EMINENCE, Ky. (WAVE) - Authorities across Kentucky are looking for a suspect they consider armed and dangerous after linking him to a homicide in Eminence.
The Shelby County Sheriff's Office is looking for Terry Allen Whitehouse, 37. Whitehouse is thought to be with his wife who he kidnapped after committing murder.
Whitehouse had just been released on his own recognizance from Shelby County Detention Center on Wednesday after being arrested for violating an emergency protection order.
Sgt. John Bailey of the Eminence police said at the request of the Shelby County Sheriff’s Office, an officer was sent to a home on Jackson Road around 6:30 a.m. to perform a welfare check as part of a kidnapping case.
The officer, who was backed up by Henry County Sheriff’s Office deputies, found an adult man dead from apparent trauma to the head.
Eminence Det. John Dudinskie said at 6:37 a.m. his department was contacted by Shelby County after one of two women taken against their will from an Eminence home early Thursday morning by Whitehouse, was released. Dudinskie said the woman released is the mother-in-law of Whitehouse, who said Whitehouse did not release her daughter, Melinda Whitehouse, 34.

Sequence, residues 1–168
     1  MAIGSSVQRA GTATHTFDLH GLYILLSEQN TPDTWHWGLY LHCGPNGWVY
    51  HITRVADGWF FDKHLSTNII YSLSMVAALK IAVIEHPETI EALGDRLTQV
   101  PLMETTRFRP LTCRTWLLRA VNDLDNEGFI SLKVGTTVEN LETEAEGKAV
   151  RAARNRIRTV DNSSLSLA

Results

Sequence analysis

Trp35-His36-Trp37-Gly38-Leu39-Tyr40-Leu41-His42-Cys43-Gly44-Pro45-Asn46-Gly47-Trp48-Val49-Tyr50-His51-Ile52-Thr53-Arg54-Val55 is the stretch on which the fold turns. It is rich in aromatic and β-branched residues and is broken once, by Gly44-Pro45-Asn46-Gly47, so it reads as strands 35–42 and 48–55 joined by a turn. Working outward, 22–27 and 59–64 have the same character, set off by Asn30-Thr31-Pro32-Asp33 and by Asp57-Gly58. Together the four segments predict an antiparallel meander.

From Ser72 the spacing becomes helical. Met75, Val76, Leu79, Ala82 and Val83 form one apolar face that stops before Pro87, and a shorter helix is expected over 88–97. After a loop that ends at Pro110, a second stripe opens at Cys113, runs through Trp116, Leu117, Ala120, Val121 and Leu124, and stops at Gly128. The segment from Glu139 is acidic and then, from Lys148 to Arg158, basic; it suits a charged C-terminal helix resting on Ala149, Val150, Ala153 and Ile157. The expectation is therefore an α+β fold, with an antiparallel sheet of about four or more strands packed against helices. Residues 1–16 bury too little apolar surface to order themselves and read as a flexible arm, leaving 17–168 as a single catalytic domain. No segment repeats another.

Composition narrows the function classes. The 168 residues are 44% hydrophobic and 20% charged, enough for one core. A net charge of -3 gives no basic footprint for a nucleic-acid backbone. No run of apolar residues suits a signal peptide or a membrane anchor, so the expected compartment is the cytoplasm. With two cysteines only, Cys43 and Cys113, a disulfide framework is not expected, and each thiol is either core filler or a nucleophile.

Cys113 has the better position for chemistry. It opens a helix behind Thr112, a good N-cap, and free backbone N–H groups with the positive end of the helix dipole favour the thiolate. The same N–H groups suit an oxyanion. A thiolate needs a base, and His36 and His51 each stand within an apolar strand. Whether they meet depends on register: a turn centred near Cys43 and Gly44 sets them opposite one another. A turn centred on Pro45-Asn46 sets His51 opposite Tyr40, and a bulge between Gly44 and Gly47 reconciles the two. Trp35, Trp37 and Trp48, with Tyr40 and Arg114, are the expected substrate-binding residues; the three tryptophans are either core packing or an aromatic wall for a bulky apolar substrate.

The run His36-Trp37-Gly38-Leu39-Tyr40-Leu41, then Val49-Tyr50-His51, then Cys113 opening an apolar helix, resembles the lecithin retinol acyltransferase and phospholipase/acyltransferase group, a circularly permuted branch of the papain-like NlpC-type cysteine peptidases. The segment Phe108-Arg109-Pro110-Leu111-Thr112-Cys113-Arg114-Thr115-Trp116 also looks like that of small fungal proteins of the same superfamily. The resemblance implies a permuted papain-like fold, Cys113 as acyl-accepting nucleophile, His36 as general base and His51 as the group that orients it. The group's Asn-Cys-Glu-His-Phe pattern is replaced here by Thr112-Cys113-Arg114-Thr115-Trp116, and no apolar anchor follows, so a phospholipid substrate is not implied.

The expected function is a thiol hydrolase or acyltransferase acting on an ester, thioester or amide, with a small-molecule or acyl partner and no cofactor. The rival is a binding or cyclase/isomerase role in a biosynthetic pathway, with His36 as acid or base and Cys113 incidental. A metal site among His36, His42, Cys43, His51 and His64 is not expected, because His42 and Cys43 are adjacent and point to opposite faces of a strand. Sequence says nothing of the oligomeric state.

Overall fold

Whitehouse’s mother-in-law asked police to check on her husband. It was during that check that a man was found dead. His name has not been released.
An attempt to locate has been issued for a 2001 white Chrysler Town and Country minivan with Kentucky license 647 FPB. Anyone who sees the vehicle should call police.
Bailey said children in the home have been accounted and placed into the care of Child Protective Services.
Neighbor Martin Metts says he’s still in shock.
“It’s a nice neighborhood, we never really have any problems nobody really bothers anybody else,” Metts said. He lives a few doors down from the murder scene.
“My phone has been blowing up all morning people calling me, wanted to make sure I was alright you know, because the address is so close to mine,” Metts explained.
Metts said he didn’t even know anything was happening until he started getting the calls and then walked outside.
Other neighbors agreed with Metts, saying Eminence is a pretty quite place to live.
“You don’t hear anything out of nobody," neighbor Larry Taril said. "Everybody is pretty well quiet. You might have a few stealing gas but not too many break ins… not too many murders.”
The small city of Eminence hasn’t seen a murder in more than a decade.
“The thing is, I like it here because we don’t have a lot of these crimes so we’ll get through this one and hopefully it’s a long time til the next one,” Eminence detective John Dedinskie said.
The kidnapping investigation is a joint case between the Eminence police and the sheriff’s offices of Shelby and Henry counties.